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Food Loss and Waste in Fish Value Chains
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Equitable Social and Gender Environment

Wealth poverty, cultural and social norms and attitudes can all influence food loss and waste (FLW) and solutions.

Many fish value chain stakeholders in developing countries are women. They often work in environments which lack the services and infrastructure that enable them to invest in and implement best practices. Often specific, targeted gender focused interventions are required for this. Other vulnerable groups in fisheries value chains that may be affected by or influence FLW include the poor, the youth and the aged.

Social innovations targeted at marginalized groups can be combined with technical interventions. Particularly as technical solutions on their own can be linked to non-use/lack of adoption, misuse, or lack of access to technologies. This can be partly due to the complex social settings within which FLW occur. Social innovation, such as gender transformation, is an example of an approach that can be combined with technology solutions. Additionally, Participatory Action Research (PAR) is an inclusive approach to testing and developing solutions.  

Social solutions also include initiatives associated with the recovery and redistribution of food. Recovery of safe and nutritious food for human consumption is to receive, with or without payment, food (processed, semi-processed or raw) which would otherwise be discarded or wasted from the agricultural, livestock, forestry and fisheries supply chains of the food system. Redistribution of safe and nutritious food for human consumption is to store or process and then distribute the received food pursuant to appropriate safety, quality and regulatory frameworks directly or through intermediaries, and with or without payment, to those having access to it for food intake.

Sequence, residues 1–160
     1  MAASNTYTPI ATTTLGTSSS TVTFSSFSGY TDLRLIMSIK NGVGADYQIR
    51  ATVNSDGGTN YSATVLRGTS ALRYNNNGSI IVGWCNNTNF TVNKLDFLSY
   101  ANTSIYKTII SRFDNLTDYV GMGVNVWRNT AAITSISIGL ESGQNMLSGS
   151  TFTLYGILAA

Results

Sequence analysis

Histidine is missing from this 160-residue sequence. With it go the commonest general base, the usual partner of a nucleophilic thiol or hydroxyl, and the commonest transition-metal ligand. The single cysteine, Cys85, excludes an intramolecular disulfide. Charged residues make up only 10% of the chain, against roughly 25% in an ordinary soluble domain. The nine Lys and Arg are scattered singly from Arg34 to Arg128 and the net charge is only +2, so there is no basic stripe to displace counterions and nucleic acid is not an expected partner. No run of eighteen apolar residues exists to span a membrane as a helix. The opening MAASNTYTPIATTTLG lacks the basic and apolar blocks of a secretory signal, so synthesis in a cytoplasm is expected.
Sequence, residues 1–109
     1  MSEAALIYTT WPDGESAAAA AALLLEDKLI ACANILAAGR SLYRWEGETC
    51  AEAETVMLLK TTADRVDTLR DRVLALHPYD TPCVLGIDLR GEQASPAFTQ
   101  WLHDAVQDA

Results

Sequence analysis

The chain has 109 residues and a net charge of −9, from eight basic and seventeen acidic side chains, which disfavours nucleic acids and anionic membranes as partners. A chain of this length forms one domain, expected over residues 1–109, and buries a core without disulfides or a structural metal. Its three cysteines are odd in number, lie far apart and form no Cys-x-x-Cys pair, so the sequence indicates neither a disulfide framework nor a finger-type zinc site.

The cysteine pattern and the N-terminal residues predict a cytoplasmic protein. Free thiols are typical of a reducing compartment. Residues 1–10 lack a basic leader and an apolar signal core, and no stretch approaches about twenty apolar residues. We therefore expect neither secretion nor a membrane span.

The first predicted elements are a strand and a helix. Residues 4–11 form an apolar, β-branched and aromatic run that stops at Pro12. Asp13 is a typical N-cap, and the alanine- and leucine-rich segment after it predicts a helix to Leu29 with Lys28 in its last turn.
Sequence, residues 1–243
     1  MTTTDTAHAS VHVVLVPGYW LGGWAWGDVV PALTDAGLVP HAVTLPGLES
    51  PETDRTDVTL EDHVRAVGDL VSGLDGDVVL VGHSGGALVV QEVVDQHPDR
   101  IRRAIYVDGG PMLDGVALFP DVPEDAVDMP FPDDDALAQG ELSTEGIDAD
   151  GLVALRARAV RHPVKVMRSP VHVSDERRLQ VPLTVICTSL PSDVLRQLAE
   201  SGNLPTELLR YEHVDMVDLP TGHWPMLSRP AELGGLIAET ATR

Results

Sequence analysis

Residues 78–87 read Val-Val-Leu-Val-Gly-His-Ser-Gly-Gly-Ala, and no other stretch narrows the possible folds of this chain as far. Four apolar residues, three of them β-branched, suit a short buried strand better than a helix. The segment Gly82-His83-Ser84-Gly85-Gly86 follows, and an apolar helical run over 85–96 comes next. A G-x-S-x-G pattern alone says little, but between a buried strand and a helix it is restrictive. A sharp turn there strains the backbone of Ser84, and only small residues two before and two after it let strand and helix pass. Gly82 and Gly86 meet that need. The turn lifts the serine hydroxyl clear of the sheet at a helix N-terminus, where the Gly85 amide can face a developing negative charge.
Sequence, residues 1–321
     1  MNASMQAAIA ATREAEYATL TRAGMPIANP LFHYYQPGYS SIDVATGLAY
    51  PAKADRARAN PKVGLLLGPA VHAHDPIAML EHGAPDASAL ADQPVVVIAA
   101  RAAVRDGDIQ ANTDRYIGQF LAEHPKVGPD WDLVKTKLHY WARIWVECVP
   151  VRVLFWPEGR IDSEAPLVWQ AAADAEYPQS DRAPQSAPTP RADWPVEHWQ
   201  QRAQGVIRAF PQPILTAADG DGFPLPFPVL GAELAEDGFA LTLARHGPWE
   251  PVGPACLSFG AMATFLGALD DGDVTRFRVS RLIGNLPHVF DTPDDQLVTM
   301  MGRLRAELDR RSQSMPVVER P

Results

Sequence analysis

Current forms of recovery and redistribution of safe and nutritious food involve a variety of stakeholders in a diverse mix of initiatives, such as: gleaning networks, food banks (warehouse, direct service, virtual, mixed form), social supermarkets and community shops, food pantries, soup kitchens and community/charitable programs, shelters, mixed form of social protection programs that provides food, directly or indirectly, among other services.

Key Publications

Good Practice Policies to Eliminate Gender Inequalities in Fish Value Chains

This FAO publication highlights key gender inequalities in fisheries and aquaculture value chains that lead to under-performance by women, and proposes good practice policies that can lead to increases in production and processing of high-quality fish.

Research Reduces Post-Harvest Fish Loss

This infographic provides information on a case study in Zambia which empowering women and men fishers to reduce fish losses and improve gender relations.                                                                                                                                             

Gender and Food Loss in Sustainable Food Value Chains

This publication aims to help policy-makers and project designers conceptualize the nexus between gender equality and food loss and offers practical guidance for integrating gender concerns into the implementation of food loss reduction strategies.